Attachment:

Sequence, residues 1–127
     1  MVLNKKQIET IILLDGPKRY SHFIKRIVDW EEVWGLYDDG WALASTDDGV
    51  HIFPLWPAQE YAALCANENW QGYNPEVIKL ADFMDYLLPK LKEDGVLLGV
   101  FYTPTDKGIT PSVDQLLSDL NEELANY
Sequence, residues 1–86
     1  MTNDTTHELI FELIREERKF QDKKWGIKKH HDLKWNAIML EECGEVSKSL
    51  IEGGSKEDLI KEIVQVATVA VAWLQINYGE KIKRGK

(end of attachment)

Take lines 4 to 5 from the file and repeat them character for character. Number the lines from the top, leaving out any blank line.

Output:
   101  FYTPTDKGIT PSVDQLLSDL NEELANY
Sequence, residues 1–86